Thursday, March 20, 2014

Compelling Faces in Art - Mummy portraits or Fayum mummy portraits (54-68 AD ).

Mummy portraits or Fayum mummy portraits (54-68 AD ) is the modern term given to a type of naturalistic painted portraits on wooden boards attached to mummies from where Christianity began in the large and fertile Fayoum oasis of Egypt’s Western Desert. 

Christianity came to the region in the third century, so I would assume that these portraits are pre-christian.

Art historians touch on how these portraits influenced the production of Coptic icons, as well as on the medieval wall paintings at Naqlun and in textiles, metal objects, and basketry from the region. 

During the Ptolemaic Period (305 BC to 30 BC.), settlers in the Fayoum were mostly Greeks and Macedonians, but there were also groups of Jews, Persians, Arabs, Syrians, Thracians and Samaritans. Here, an interesting process took place for, unlike the Greeks in Alexandria who remained mostly a homogeneous community for many years, the Greeks of the Fayoum intermarried with native Egyptians, as did the other nationalities. Hence, the Fayoum became a great melting pot in which racial purity did not long survive.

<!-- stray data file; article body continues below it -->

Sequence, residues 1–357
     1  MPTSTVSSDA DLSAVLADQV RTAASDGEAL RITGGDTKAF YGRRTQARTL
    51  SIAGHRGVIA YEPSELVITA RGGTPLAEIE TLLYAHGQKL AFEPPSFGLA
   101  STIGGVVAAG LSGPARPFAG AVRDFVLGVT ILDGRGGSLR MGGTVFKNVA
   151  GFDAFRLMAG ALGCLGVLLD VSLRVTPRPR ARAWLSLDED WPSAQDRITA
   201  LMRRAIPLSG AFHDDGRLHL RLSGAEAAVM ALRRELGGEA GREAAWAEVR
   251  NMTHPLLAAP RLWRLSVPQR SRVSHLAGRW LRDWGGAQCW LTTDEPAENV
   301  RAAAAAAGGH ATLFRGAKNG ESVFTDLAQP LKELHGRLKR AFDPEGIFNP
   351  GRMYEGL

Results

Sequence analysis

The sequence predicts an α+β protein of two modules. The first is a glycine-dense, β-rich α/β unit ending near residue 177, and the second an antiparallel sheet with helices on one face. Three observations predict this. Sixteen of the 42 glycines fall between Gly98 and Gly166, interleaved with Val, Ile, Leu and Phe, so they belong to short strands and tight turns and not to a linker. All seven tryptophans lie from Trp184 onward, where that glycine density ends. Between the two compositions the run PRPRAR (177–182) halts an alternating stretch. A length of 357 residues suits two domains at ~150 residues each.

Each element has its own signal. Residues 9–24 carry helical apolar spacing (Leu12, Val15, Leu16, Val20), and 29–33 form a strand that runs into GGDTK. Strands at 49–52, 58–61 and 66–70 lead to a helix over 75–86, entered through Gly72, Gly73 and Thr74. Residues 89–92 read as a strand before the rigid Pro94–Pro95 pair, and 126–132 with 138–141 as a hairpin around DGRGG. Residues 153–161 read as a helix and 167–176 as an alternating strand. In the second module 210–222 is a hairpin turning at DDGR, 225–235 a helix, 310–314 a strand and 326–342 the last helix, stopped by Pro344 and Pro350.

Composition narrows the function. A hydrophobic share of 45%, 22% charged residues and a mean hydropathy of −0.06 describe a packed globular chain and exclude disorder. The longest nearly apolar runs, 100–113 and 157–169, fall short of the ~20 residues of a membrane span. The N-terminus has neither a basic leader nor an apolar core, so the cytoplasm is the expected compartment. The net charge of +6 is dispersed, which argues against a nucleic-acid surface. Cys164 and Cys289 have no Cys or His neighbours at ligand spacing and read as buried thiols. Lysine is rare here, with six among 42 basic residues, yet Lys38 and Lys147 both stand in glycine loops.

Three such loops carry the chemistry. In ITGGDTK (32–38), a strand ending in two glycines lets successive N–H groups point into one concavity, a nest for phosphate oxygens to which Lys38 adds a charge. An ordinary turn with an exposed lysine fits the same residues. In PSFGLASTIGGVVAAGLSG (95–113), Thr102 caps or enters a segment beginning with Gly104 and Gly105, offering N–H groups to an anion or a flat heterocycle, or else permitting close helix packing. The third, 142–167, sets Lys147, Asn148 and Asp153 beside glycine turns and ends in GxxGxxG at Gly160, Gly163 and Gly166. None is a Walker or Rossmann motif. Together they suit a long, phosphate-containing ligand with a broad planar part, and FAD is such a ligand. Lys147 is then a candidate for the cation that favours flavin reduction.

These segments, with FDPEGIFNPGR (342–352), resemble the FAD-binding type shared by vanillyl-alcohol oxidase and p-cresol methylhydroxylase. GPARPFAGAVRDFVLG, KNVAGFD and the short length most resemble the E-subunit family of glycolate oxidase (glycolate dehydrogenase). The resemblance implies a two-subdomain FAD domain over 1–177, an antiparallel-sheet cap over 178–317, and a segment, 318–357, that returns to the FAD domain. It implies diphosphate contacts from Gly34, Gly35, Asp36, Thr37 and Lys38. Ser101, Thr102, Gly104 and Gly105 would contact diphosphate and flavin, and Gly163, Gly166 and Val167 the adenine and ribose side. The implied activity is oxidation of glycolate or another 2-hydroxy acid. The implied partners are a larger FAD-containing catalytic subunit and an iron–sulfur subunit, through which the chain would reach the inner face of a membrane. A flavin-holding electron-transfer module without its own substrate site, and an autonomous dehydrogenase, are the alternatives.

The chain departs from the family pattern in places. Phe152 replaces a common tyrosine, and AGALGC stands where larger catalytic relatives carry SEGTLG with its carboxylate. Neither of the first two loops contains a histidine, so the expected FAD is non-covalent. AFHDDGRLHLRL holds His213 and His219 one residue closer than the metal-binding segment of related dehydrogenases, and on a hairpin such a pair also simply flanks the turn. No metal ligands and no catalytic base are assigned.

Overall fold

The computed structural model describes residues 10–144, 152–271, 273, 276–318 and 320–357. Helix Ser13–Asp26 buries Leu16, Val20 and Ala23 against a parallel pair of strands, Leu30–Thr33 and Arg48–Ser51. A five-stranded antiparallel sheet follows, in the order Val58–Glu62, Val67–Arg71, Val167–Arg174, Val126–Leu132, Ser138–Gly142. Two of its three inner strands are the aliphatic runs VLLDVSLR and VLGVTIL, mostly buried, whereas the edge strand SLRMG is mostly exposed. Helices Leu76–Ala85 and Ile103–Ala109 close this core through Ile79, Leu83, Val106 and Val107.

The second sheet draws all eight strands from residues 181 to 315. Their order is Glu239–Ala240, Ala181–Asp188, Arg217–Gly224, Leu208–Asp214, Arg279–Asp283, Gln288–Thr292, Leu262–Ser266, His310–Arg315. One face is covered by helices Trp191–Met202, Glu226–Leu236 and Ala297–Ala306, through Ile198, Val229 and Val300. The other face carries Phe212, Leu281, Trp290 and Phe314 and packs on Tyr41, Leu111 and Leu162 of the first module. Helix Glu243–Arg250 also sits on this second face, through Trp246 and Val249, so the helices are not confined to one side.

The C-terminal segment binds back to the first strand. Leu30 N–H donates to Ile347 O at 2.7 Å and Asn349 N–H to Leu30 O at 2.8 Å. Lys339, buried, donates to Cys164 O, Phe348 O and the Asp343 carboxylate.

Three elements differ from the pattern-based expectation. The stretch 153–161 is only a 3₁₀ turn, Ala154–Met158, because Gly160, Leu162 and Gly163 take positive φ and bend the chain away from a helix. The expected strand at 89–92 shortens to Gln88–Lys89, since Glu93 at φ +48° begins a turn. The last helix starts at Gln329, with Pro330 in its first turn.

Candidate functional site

This female portrait on wood panel is from Hawara, a site near the Fayum oasis. An icon is a sign or likeness that stands for an object by signifying or representing it either concretely or by analogy. This painting offers us so much more, and in many ways is very modern in its portrayal of this beautiful woman. We now associate icons with symbols; a name, face, picture, edifice or even a person readily recognized as having some well-known significance or embodying certain qualities.

I see impressionism in the light. There is an engaging middle ground where fundamentals in realism yield to expressive abstraction of the elements. It is fuller and richer than simply an image on a flat surface. As Vincent van Gogh once said, “I want to paint men and women with that something of the external which the halo used to symbolize, and which we now seek to give by the actual radiance and vibrancy of our colorings.” 

When I look at this portrait, it speaks to me, and reminds me of the words of Leon Battista Alberti: “When I investigate and when I discover that the forces of the heavens and the planets are within ourselves, then truly I seem to be living among the gods.”

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